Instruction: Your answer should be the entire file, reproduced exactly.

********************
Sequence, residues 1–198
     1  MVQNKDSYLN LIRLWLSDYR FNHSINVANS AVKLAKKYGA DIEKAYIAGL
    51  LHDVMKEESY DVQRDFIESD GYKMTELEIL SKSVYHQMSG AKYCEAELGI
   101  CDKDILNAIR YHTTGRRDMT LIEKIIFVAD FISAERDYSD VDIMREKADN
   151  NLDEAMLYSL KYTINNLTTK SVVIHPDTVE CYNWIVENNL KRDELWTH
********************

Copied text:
Sequence, residues 1–198
     1  MVQNKDSYLN LIRLWLSDYR FNHSINVANS AVKLAKKYGA DIEKAYIAGL
    51  LHDVMKEESY DVQRDFIESD GYKMTELEIL SKSVYHQMSG AKYCEAELGI
   101  CDKDILNAIR YHTTGRRDMT LIEKIIFVAD FISAERDYSD VDIMREKADN
   151  NLDEAMLYSL KYTINNLTTK SVVIHPDTVE CYNWIVENNL KRDELWTH